6 Mobile Innovations for Museums and Art Galleries

Pic | Imamusemum

Can a mobile phone or tablet become a museum exhibit ? In some places this is already happening, and even though it may not yet be something very common, there are many ways these devices let you create or enjoy art using the most diverse functions and technological features.

After you have learned about how artists use mobile devices to design their creations, we now want you to discover the 6 astounding technological projects that are now coming to the museums.


6 Mobile Innovations for Museums and Art Galleries

Of course, being the Mobile World Capital, Barcelona also has the pleasure to host a venue for exhibitions at which you can experience all the possibilities of mobile technology and how it is changing our lives.

The application of the Centre (available for Android and iOS) lets you make the most of your visit with more than a hundred augmented reality applications (videos, games, additional information about multiple apps and many more), but if you do not have a smartphone there is no need to worry, the traders at the venue will borrow you a tablet so you can fully enjoy the visit. It is located in the city center, at Plaza Catalunya, which shows how important it is to the city to spread awareness about these new technologies at your disposal.


Probably the first use given to mobile telephones in a museum was that of providing the popular QR codes. This is a special type of encoded imagery which you can scan with your mobile’s camera and which provides us with additional information in form of texts, links or (like in the case of the Cleveland Museum of Art), an audio-guide.

If you take this established technology one step further and add global positioning to it, you get Stqry, an application that allows you to find out about the history of a variety of interesting places in museums, zoos or on the street. First, you locate these places on a map and then you can receive more information through a QR code. For now it is only available in New Zealand, Seattle and San Francisco.

Minecraft at the Powerhouse Museum in Sydney

In Sydney they chose something more spectacular and instead of QR, they recurred to its elder brother, augmented reality. In this case your mobile device recognizes what you are looking at through its camera and adds more content to this real environment by including superimposed virtual imagery. As the Powerhouse Museum has always been proud of spearheading the use of technology, they had the wonderful idea to make their museum a home for the popular designs of the videogame Minecraft. The video above says it all.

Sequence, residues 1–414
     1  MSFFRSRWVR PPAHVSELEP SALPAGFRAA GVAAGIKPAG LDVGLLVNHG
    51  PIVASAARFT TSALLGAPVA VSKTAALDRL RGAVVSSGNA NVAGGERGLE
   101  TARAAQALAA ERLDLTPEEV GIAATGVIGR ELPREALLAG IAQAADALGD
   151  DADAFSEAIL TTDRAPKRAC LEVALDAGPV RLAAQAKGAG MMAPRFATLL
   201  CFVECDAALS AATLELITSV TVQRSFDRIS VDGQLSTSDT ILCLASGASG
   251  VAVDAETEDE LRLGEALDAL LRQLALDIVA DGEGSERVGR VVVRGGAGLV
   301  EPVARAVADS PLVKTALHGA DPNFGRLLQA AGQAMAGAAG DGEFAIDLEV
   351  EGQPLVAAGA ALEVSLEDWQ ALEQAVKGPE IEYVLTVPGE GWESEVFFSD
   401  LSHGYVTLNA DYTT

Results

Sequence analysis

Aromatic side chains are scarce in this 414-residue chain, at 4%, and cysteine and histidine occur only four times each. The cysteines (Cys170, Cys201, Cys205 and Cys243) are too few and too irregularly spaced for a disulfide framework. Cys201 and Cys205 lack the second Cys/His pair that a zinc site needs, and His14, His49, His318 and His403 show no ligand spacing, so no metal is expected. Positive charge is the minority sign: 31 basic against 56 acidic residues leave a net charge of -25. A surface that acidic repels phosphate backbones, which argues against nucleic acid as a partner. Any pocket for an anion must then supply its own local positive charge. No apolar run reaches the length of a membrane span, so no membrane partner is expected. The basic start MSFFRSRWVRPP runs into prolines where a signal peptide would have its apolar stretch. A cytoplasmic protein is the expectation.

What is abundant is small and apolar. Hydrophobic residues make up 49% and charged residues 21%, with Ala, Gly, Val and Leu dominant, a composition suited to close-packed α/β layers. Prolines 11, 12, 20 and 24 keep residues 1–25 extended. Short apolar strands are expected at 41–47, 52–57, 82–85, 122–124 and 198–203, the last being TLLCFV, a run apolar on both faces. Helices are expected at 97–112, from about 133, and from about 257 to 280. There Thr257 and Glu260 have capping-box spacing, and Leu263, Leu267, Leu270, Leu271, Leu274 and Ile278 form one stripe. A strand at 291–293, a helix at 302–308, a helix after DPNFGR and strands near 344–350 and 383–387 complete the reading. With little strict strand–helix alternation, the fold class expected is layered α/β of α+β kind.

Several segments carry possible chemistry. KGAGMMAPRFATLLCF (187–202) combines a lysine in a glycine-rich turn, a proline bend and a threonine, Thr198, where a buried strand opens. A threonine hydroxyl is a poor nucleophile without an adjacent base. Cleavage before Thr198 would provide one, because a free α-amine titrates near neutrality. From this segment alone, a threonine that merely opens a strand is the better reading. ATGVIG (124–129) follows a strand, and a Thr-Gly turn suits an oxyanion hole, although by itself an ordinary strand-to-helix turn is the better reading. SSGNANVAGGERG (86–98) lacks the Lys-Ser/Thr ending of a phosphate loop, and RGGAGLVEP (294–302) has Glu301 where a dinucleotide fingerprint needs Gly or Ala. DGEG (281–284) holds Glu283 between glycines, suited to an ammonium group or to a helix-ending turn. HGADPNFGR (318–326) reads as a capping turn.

Mobile World Centre

The invasion of technology into museums has only just begun. A few years from now apps for looking at works of art on smartphones or tablets will become a common sight. But not just that, there is another field which is already starting to be explored: The smartwatch.

At the beginning of 2014 you could already enjoy the first exhibition using these gadgets for an artistic purpose. You can be sure that it was not the last one you will see.

Following the path of augmented reality we found an original proposal by the JapaneseKei Shiratori and Takeshi Mukai. It allows you to bring famous works of art to life simply by pointing your mobile device at them. For now the app is available for iOS.

It still works only with a limited number of works of art, but participating in the workshops of the creators it is possible to help increase the number of animated art objects. A museum on your mobile.

The Anne Frank Museum in Amsterdam

With the core characteristic of a smartphone being the fact that it is a mobile device, why not take the museum out to the street? Just this has been done in the capital of Netherlands at the Anne Frank Museum with an application that takes you all around the city and lets you view pictures of the life of the holocaust victim superimposed onto the places where specific events occurred. A great way to extend the exhibition and provide visitors with additional context.

The Next Step: Smartwatches in Museums